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I am learning how Linux works. I have encountered a strange assembly language instruction, jmpi. I can find some explanation at various websites, but strangely I can't find it in assembly language books, including the Intel® 64 and IA-32 Architectures Software Developer’s Manual. I have searched the book, but it doesn't contain the instruction jmpi. I think the Intel manual should be the the most authoritative book on Intel assembly language. So it is very strange.

My question is: is there some book or authoritative files which document this instruction?

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migrated from Jan 22 '13 at 17:08

This question came from our site for users of Linux, FreeBSD and other Un*x-like operating systems.

1 explains it, possibly? –  derobert Jan 22 '13 at 16:51
Also, I think you may want to try Stack Overflow for questions actually about assembly language. If the moderators want to, they'll move the question for you—you don't need to do anything. –  derobert Jan 22 '13 at 16:55
The Linux kernel uses the AT&T syntax (not the bletcherous intel one), and that means that for many instructions modifiers are appended to the instruction, not inferred from the arguments. I've searched (not too hard, mind you) for x86 (and x86_64) assembly tutorials in AT&T syntax, and came up empty. –  vonbrand Feb 11 '13 at 2:28

1 Answer 1

up vote 2 down vote accepted

There are several JMP instructions in the Intel processor instruction set. They have the same intended result but differ by the type of the operand they take: an 8-bit constant, a 16-bit constant, a 32-bit constant, a value specified indirectly; also is it a relative or an absolute jump. See the table from p.854 of the Architecture manual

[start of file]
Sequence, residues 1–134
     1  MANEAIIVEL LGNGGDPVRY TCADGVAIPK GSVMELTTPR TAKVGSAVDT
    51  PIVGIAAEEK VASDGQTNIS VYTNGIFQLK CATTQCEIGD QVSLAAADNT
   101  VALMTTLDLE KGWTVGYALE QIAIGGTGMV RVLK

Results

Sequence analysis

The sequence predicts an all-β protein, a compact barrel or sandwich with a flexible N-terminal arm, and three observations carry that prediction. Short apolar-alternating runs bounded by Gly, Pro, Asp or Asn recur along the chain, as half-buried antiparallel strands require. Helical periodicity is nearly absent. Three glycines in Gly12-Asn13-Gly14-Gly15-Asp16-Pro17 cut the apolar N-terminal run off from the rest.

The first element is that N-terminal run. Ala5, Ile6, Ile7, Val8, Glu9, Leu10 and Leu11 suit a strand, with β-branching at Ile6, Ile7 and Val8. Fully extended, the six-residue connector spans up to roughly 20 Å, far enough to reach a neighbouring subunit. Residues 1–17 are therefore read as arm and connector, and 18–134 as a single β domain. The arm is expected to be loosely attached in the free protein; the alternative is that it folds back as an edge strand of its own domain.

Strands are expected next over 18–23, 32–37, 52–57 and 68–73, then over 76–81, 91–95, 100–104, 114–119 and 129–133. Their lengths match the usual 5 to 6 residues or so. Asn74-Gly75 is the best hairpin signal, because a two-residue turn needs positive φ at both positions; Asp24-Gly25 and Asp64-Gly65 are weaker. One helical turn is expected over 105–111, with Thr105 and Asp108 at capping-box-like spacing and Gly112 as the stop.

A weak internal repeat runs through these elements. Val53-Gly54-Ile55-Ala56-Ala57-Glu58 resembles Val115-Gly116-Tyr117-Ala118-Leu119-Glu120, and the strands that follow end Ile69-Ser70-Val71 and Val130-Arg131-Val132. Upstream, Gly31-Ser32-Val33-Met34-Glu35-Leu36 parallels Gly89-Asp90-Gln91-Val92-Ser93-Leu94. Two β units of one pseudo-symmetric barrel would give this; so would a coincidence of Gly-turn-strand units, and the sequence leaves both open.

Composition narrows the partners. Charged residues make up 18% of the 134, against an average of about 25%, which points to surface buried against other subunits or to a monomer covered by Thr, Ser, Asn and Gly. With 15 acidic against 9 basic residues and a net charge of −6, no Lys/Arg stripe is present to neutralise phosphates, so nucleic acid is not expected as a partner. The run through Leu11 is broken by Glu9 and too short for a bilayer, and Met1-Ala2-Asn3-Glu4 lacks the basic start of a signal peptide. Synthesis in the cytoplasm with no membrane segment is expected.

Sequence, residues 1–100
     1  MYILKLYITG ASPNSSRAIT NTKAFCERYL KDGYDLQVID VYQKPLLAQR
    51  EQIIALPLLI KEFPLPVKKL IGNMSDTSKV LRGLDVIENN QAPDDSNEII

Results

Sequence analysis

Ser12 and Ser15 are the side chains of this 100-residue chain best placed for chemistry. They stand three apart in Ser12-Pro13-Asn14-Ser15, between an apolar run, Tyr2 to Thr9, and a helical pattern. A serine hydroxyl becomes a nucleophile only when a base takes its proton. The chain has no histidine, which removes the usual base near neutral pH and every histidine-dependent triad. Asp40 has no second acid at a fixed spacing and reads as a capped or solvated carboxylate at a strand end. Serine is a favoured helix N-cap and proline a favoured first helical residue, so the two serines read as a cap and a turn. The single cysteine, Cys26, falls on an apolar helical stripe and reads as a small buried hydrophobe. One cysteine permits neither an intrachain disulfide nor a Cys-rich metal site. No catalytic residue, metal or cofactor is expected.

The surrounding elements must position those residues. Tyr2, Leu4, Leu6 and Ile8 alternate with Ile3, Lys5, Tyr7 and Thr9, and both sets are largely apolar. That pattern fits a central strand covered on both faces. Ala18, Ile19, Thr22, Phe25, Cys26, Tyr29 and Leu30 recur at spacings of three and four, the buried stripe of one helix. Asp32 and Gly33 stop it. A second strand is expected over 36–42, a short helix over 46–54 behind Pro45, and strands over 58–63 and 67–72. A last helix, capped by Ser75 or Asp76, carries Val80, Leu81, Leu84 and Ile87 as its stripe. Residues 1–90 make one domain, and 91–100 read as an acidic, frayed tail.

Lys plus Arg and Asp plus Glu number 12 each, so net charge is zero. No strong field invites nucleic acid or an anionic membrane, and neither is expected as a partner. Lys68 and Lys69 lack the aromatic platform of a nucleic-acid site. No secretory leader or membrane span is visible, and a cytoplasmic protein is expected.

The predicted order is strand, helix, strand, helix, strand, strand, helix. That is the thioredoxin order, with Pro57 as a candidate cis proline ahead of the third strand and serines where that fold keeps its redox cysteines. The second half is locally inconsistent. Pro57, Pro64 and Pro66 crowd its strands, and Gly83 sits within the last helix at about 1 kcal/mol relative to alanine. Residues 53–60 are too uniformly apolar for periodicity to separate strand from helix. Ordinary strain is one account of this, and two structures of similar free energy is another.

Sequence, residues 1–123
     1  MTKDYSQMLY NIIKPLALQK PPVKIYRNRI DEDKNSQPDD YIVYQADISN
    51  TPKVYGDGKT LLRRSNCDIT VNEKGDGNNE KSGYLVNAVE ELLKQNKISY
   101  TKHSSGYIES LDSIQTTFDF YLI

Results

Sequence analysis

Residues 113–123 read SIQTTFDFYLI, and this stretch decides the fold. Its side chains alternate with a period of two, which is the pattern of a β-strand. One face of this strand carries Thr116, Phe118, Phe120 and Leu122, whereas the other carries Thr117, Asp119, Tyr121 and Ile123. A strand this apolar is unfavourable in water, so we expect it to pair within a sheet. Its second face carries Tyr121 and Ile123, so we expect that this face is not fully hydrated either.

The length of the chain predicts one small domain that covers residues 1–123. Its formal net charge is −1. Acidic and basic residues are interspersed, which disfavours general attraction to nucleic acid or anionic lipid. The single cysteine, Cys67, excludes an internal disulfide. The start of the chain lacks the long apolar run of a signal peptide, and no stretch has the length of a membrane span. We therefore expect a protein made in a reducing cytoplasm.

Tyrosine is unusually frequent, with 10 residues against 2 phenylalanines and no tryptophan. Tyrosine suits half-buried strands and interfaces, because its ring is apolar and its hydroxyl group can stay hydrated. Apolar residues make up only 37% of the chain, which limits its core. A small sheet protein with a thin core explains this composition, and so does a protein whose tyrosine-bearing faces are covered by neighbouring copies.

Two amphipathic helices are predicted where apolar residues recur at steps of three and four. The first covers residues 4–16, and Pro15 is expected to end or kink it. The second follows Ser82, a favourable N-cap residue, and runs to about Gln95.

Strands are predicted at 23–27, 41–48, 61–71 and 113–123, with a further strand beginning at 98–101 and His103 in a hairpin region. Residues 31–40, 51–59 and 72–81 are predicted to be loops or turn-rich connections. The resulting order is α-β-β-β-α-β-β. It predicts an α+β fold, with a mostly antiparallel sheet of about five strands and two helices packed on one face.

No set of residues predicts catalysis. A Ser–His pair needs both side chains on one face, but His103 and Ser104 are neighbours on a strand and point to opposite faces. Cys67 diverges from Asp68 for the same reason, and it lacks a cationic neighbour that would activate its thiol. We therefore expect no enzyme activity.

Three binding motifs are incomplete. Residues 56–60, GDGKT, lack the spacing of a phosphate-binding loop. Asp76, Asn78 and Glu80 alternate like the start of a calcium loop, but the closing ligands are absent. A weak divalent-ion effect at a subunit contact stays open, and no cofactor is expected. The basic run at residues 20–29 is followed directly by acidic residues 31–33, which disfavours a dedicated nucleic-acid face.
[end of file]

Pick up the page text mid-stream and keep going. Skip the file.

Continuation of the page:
Opcode Instruction  Description
EB cb  JMP rel8     Jump short
E9 cw  JMP rel16    Jump near, relative
E9 cd  JMP rel32    Jump near, relative
FF /4  JMP r/m16    Jump near, absolute indirect
FF /4  JMP r/m32    Jump near, absolute indirect
FF /4  JMP r/m64    Jump near, absolute indirect
EA cd  JMP ptr16:16 Jump far, absolute

They are treated differently as a legacy of different memory models supported at different stages of the architecture development.

Many assemblers introduce additional mnemonics to make the assembly code more readable. So in as86 the JMPI instruction refers to a near JMP it can be either absolute, or relative, but should always stay within a code segment, the intrasegment jump. The as86 is the only authoritative reference.

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